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     Volume 4 Issue 57 | August 5 , 2005 |

   Cover Story
   News Notes
   Food For Thought
   Special Feature
   Time Out
   Dhaka Diary
   Book Review
   New Flicks
   Write to Mita

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On the cover story
My heartiest thanks to Kajalie Shehreen Islam and Shamim Ahsan for a fantastic cover story on physical abuse of children at school. It was a timely issue following the death of schoolboy Dipu Islam. The report focussed on the cruel treatment of teachers at school.
Dipu, a 13-year-old schoolboy, was brutally caned by his "favourite" teacher and died in fear and humiliation. Dipu is among the thousands of victims of such torture, but most of them do not disclose it, whether in fear or shame. Psychologists claim that any kind of physical or emotional abuse has a bitter impact on the mind of a child. I myself endured such brutal treatment from my teachers, which made school a disgusting experience for me. I remember being caned 42 times in Class 8, for the slightest naughtiness. My whole body was covered in black marks. Since then, I never felt comfortable in class. I was always afraid and had trouble interacting with my teachers. I remember how in Class 9 one of my classmates was hit by a teacher on the eye and he turned blind. I was always afraid of going to class after that and prayed that the teachers wouldn't come. I often avoided classes because of my fear and sometimes fled school after the lunch break. This obviously hampered my studies and I believe I would have done much better had my teachers been better. To this day, I cannot think of school without fear and though I respect my teachers, a great part of it is fear.
Md Kamrul Hasan Regan
Second Year, Department of English
University of Dhaka

On the Fiction column
I often used to read the Fiction which amused me a lot as a student. But I haven't seen the column for a few weeks now. I request SWM to publish regular fiction pieces to make the magazine even spicier and more interesting.

The importance of English
English being an international language, its importance cannot be stressed enough. I am a student of mathematics (Honours) at Chittagong College. Most students in my department and elsewhere do not want to study in English. But knowledge of the language is very important in higher education because one must read many books and most of them are in English. But it being a foreign and difficult language, most students obviously do not opt to study in English medium. I therefore request the honourable prime minister as well as the vice-chancellor of the National University (NU) to make English compulsory under the NU. Not only will it benefit the students but also the country as a whole, helping us to compete abroad.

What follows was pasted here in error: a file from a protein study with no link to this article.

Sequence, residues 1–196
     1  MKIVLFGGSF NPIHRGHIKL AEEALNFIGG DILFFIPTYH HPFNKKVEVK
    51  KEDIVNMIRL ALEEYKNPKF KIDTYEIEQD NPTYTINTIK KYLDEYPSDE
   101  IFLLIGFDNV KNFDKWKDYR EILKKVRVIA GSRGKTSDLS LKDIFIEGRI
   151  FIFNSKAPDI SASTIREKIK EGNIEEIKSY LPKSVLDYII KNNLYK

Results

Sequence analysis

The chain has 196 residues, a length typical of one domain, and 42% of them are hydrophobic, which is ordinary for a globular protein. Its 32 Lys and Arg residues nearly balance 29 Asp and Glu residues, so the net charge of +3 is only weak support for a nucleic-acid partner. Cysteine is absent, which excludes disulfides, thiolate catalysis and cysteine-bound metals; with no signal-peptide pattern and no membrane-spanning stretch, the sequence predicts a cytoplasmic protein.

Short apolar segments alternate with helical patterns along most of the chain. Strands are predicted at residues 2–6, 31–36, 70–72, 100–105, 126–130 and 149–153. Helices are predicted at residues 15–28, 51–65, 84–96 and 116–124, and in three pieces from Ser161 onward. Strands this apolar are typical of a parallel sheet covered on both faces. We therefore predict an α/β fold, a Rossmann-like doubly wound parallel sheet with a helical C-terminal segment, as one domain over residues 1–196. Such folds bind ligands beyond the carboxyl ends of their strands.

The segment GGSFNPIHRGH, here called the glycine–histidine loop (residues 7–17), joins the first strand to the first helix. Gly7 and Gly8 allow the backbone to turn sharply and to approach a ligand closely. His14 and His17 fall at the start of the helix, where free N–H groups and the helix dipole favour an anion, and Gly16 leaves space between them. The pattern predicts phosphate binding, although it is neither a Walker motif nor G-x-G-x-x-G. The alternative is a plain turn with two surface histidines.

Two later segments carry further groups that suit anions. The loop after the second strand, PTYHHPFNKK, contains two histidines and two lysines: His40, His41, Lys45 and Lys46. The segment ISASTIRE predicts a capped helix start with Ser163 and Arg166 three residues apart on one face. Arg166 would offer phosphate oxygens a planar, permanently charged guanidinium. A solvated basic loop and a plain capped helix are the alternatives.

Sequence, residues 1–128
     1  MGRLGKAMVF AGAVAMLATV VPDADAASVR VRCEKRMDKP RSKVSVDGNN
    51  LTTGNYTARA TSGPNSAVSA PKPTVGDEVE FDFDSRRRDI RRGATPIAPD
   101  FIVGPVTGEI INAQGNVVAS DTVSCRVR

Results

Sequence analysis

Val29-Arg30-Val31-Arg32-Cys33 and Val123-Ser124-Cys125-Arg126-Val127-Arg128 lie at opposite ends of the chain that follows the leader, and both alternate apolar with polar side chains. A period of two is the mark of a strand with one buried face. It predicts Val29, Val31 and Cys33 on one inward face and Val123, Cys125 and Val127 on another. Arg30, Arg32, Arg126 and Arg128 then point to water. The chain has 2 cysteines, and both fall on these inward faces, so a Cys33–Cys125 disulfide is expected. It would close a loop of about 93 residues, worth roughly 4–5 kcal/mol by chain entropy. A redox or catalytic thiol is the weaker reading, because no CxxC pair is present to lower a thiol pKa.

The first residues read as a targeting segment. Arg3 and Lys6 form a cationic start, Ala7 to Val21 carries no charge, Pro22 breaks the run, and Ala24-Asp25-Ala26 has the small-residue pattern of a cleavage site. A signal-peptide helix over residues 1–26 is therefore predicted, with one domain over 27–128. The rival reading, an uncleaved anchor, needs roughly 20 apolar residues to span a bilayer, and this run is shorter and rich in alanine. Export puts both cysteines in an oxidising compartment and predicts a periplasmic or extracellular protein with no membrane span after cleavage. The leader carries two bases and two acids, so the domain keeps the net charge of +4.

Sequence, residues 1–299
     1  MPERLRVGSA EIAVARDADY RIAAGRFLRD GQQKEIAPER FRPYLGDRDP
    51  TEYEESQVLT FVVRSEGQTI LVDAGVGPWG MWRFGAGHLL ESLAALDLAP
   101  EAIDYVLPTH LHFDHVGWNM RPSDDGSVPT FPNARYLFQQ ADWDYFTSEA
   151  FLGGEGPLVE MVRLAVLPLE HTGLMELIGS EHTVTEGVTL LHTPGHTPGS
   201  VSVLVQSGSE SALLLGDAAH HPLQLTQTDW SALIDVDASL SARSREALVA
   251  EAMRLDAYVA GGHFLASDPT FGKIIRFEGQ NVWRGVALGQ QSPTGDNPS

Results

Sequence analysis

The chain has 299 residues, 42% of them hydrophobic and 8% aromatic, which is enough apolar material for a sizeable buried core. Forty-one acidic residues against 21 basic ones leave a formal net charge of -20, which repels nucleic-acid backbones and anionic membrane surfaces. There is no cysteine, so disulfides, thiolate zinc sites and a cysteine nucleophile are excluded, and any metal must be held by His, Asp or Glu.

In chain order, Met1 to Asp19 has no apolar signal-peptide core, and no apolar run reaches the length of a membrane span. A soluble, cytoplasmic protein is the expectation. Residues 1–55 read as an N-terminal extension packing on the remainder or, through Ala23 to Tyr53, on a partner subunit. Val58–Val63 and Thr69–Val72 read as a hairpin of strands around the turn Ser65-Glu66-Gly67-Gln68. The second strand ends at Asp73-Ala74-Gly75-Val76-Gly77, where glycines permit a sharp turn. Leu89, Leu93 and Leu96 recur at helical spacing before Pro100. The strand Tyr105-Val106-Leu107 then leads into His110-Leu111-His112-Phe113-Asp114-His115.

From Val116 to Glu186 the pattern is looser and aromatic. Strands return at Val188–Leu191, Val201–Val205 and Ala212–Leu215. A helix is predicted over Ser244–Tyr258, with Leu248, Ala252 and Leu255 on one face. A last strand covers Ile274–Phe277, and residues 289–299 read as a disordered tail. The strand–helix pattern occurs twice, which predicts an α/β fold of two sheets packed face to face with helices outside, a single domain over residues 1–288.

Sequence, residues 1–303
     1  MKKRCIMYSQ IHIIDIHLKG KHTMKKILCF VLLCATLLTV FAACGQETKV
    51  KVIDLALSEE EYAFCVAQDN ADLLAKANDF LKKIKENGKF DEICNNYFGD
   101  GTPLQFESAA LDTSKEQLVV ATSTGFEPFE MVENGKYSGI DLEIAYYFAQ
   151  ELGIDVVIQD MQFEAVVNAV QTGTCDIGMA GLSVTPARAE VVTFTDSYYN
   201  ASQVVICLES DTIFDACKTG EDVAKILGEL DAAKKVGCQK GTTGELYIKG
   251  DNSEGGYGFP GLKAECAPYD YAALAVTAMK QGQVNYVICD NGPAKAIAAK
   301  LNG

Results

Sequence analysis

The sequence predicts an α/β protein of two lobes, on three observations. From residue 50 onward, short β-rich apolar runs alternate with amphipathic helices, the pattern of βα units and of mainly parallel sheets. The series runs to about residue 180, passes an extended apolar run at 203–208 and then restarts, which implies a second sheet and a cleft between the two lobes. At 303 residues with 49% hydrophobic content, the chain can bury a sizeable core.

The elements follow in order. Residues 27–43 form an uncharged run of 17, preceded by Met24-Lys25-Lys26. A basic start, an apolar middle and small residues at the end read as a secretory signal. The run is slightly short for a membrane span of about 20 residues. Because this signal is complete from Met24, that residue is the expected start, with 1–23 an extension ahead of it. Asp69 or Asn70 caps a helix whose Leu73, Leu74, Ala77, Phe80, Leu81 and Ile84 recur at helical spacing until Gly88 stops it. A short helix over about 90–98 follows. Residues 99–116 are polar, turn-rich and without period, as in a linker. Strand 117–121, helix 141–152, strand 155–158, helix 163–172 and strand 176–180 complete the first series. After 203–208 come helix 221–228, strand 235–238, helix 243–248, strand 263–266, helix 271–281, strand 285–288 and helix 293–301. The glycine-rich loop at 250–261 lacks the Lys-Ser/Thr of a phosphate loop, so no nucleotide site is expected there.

Dhana Joyti Chakma
Department of Mathematics
Chittagong College

On "My Favourite Teacher Killed Me"
The life of an yet-to-blossom bud was cruelly cut short. It was brutal, barbaric and inhuman to beat a child of 13 years to death, whose only fault was that he was not attentive or did not do well in class. I remember, when I was a child, I was badly beaten by the headmaster for hurting a girl's foot while kicking a piece of stone which accidentally hit her. It was a nightmare which still haunts me. The physical wounds and bruises can be healed, but the emotional scars of humiliation and demoralisation stay with you throughout your life. I agree with Dr Mehtab Khanam that there are many different ways to discipline children without resorting to physical punishment. For example, the child can be made to sit in the sin bin, finishing unfinished work, and they can be rewarded for their efforts through a point system, certificates, smiley faces or any sort of positive reinforcement. It is not always about there being too many students in class. It is about teachers knowing about alternative strategies to old and unkind physical punishment. We also need to ensure that all schools and educational institutions have punishment policies closely monitored by the government or relevant authorities. Only then can we stop such barbaric treatment and premature deaths of rising stars like Dipu.